John Irving published his first novel, Setting Free the Bears, in 1968. He has been nominated for a National Book Award three times-winning once, in 1980, for the novel The World According to Garp. He also received an O. Henry Award, in 1981, for the short story "Interior Space." In 1992, Mr. Irving was inducted into the National Wrestling Hall of Fame in Stillwater, Oklahoma. In 2000, he won the Oscar for Best Adapted Screenplay for The Cider House Rules-a film with seven Academy Award nominations. In 2001, he was elected to the American Academy of Arts and Letters. Last Night in Twisted River is John Irving's twelfth novel.

Customer Reviews

I read into about page 110 and I am sorry to say that I am not going to finish it.
Regina Niesen
Because I couldn't get past the feeling that "In One Person" was just John Irving telling me more about his prep school days than I care to know.
John Anthony Deksnis
There is very little story here, and characters who are uninteresting and unsympathetic.
Biill E.

Most Helpful Customer Reviews

318 of 335 people found the following review helpful By Susan Tunis TOP 500 REVIEWER on May 11, 2012
Format: Hardcover
I don't know why the novels of John Irving move me so much, but he has been my very favorite author for decades. That said, not all of his novels are created equal. I think that In One Person is one of his stronger offerings in recent years, but I also think that it's not the novel for every reader. In short, it deals with very sexually explicit matters, and it deals sympathetically with characters who embrace the full spectrum of human sexuality. I'm not naive enough to believe every reader will be open to the subject matter.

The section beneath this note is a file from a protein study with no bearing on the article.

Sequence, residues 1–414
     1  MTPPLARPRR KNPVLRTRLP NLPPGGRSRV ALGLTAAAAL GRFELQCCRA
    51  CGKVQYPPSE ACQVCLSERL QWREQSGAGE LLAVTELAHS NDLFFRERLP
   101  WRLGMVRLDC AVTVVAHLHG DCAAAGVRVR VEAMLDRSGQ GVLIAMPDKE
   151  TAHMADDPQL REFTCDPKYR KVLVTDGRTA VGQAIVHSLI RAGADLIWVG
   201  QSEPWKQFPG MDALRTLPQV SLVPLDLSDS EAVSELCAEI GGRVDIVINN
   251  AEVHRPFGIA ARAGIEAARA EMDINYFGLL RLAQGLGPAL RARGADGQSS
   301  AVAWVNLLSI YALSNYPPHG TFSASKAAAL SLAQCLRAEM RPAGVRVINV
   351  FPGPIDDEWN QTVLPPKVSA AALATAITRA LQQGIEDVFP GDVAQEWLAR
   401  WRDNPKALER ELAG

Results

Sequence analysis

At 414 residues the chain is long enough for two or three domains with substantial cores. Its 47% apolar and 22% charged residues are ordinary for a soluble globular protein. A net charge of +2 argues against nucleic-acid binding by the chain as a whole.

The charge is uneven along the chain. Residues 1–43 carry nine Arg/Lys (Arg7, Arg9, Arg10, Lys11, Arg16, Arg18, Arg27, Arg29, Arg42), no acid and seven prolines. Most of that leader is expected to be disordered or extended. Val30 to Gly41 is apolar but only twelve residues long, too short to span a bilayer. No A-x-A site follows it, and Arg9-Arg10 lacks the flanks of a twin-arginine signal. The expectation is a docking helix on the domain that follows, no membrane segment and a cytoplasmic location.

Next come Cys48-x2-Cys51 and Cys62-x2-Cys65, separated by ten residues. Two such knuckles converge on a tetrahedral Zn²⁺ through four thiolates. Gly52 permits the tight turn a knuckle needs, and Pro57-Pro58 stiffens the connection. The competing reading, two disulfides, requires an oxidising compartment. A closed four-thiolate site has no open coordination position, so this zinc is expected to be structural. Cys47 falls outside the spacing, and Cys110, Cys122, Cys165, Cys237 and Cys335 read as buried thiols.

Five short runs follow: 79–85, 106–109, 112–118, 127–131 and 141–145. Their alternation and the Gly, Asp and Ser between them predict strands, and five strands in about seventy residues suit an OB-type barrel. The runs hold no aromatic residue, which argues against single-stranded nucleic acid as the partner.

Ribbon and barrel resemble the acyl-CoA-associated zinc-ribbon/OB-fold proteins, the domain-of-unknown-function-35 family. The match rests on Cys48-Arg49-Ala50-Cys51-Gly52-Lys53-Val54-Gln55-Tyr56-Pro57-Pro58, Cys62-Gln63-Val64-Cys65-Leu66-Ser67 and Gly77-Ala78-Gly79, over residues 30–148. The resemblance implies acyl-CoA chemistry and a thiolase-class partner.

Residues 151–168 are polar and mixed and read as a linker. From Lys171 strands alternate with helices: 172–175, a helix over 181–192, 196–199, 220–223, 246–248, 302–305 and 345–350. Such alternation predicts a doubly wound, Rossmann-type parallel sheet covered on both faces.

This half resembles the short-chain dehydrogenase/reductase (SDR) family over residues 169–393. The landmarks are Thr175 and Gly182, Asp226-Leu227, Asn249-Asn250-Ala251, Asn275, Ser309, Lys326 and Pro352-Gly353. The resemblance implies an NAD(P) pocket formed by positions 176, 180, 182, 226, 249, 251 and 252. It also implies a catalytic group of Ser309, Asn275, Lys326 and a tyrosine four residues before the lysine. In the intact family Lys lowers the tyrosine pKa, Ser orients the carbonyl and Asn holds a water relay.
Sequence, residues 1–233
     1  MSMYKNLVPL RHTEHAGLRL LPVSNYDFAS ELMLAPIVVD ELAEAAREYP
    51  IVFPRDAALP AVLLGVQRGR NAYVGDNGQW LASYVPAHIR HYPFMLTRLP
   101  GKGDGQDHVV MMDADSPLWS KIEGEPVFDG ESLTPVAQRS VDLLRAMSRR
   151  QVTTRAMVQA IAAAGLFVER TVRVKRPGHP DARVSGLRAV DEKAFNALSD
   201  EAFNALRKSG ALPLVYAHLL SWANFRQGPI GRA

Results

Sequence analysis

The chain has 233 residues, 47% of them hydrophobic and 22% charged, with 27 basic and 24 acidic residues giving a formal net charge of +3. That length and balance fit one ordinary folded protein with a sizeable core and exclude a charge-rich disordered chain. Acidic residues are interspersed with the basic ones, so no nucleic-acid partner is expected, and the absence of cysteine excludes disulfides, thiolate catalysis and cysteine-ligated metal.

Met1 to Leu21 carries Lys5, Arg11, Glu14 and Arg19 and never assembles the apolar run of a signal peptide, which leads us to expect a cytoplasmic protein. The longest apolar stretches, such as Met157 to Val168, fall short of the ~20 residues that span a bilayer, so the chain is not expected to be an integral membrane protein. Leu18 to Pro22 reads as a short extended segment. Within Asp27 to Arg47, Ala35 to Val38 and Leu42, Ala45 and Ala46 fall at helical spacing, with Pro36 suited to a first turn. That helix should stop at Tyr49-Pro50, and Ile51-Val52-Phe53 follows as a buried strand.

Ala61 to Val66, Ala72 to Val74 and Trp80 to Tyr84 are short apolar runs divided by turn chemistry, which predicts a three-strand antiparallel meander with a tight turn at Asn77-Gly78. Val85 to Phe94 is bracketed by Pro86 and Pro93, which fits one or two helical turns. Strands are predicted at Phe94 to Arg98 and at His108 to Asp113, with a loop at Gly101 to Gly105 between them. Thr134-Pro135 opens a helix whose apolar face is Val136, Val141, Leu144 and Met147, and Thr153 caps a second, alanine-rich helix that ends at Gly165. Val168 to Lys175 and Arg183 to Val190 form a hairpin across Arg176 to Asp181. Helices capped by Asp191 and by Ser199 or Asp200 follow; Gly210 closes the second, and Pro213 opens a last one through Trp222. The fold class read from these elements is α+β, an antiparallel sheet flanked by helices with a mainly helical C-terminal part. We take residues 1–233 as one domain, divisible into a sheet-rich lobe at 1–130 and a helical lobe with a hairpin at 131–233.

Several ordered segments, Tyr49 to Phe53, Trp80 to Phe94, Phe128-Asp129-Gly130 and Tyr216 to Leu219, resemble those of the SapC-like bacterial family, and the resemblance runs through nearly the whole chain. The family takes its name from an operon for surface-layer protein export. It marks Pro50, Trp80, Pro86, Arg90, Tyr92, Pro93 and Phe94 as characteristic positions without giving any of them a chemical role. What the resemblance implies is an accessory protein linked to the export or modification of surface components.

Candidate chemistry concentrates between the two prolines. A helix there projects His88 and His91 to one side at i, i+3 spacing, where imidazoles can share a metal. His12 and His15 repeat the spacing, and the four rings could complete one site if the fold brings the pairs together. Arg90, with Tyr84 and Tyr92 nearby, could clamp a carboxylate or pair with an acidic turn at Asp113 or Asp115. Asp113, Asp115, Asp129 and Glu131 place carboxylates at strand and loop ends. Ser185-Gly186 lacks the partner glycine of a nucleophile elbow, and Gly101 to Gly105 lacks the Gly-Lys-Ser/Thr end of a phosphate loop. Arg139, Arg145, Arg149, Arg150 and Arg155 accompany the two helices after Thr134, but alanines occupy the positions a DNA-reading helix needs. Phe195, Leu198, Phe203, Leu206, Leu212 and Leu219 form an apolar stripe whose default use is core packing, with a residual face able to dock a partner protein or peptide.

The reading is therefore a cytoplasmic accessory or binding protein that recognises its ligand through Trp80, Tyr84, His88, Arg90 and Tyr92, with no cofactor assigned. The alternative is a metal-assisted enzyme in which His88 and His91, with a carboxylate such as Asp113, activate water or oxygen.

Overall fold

At the heart of this novel is Billy Abbott. In the present day, Billy is nearly seventy, but as the novel opens, he's reflecting upon his sexual and creative awakening at the age of 13 upon meeting the town librarian. "And this moment of my sexual awakening also marked the fitful birth of my imagination. We are formed by what we desire. In less than a minute of excited, secretive longing, I desired to become a writer and to have sex with Miss Frost--not necessarily in that order."

Miss Frost, it turns out, is not your typical small town librarian, and Billy's youthful crush upon her has long-lasting impact on the adult he becomes. But Billy is prone to "crushes on the wrong people." By which he means boys. As he matures, Billy discovers that he likes boys, girls, and has a real soft spot for transsexuals. Being a bisexual male is harder even than being a gay male; he finds that partners of both genders never fully trust him. And as he embarks upon relationships throughout his life, Billy despairs that any one person will ever meet all of his needs.

Along the way, we meet Billy's friends, lovers, relatives, enemies, and passing acquaintances.
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81 of 91 people found the following review helpful By Thomas A. Morgan on May 11, 2012
Format: Hardcover Verified Purchase